"one who attends the court of a sovereign," c. 1300, courteour (early 13c. as a surname), from Anglo-French *corteour, from Old French cortoiier "to be at court, live at court," from cort "king's court; princely residence" (see court (n.)).
Entries linking to courtier
late 12c., "formal assembly held by a sovereign," from Old French cort "king's court; princely residence" (11c., Modern French cour), from Latin cortem, accusative of cors (earlier cohors) "enclosed yard," and by extension (and perhaps by association with curia "sovereign's assembly"), "those assembled in the yard; company, cohort," from assimilated form of com "with, together" (see com-) + stem hort- related to hortus "garden, plot of ground" (from PIE root *gher- (1) "to grasp, enclose").
Both senses of the Latin word emerged in English. From the purely physical sense come "palace, residence of a sovereign" (c. 1200), "enclosed space connected with a building or buildings" (early 14c.), and the sporting sense "smooth, level plot of ground on which a ball game is played" (1510s, originally of tennis). Also "short arm of a public street, enclosed on three sides by buildings" (1680s), formerly noted for poverty or as business districts.
From the notion of "surroundings of a sovereign in his regal state" (c. 1200) comes the legal meaning "a tribunal for judicial investigation" (c. 1300, early assemblies for justice were overseen by the sovereign personally), also "hall or chamber where justice is administered" (c. 1300). As an adjective, "pertaining to a court," late 13c.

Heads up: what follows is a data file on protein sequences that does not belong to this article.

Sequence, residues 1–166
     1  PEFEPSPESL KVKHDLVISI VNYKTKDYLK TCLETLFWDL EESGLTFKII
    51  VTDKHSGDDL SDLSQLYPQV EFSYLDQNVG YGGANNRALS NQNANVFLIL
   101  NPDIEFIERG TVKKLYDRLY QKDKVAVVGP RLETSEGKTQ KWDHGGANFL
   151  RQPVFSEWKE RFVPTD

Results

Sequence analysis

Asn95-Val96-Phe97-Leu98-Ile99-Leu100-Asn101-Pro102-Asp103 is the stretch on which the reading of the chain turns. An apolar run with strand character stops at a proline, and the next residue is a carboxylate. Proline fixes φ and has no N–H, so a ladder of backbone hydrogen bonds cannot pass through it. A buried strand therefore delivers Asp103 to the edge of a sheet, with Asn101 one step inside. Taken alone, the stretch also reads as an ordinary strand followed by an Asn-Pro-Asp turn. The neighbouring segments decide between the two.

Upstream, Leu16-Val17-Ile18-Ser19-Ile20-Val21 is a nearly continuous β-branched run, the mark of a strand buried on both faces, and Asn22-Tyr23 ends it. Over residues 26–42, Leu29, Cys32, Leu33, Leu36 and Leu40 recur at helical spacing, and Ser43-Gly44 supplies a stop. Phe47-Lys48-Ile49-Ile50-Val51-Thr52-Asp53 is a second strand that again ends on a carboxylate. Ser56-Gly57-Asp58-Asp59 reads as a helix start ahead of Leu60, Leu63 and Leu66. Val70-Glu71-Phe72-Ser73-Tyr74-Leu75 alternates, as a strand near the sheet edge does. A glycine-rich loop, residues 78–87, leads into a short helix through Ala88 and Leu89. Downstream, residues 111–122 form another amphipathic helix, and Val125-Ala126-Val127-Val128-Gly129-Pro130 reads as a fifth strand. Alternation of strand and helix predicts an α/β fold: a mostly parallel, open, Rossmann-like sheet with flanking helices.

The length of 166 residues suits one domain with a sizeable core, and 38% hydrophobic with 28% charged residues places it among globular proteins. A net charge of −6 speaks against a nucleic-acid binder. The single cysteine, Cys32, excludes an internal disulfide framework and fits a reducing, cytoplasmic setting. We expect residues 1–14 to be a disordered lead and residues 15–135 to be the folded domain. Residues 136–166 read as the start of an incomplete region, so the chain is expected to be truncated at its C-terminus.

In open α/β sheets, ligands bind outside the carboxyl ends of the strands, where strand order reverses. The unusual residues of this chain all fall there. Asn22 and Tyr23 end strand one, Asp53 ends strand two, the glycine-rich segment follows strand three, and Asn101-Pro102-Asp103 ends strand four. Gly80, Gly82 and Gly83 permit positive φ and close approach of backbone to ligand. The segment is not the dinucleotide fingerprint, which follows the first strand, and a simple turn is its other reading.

Proto-Indo-European root meaning "to grasp, enclose."
It forms all or part of: Asgard; carol; choir; choral; chorale; choric; chorister; chorus; cohort; cortege; court; courteous; courtesan; courtesy; courtier; curtilage; curtsy; garden; garth; gird; girdle; girt; girth; -grad; hangar; Hilda; Hildegard; Hortense; horticulture; jardiniere; kindergarten; Midgard; orchard; Terpsichore; Utgard; yard (n.1) "patch of ground around a house."
It is the hypothetical source of/evidence for its existence is provided by: Sanskrit ghra- "house;" Albanian garth "hedge;" Greek khortos "pasture;" Phrygian -gordum "town;" Latin hortus "garden;" Old Irish gort "field," Breton garz "enclosure, garden;" Old English gyrdan "to gird," geard "fenced enclosure, garden," German Garten "garden." Lithuanian gardas "pen, enclosure," Old Church Slavonic gradu "town, city," and Russian gorod, -grad "town, city" belong to this group, but linguists dispute whether they are independent developments or borrowings from Germanic.
updated on April 19, 2018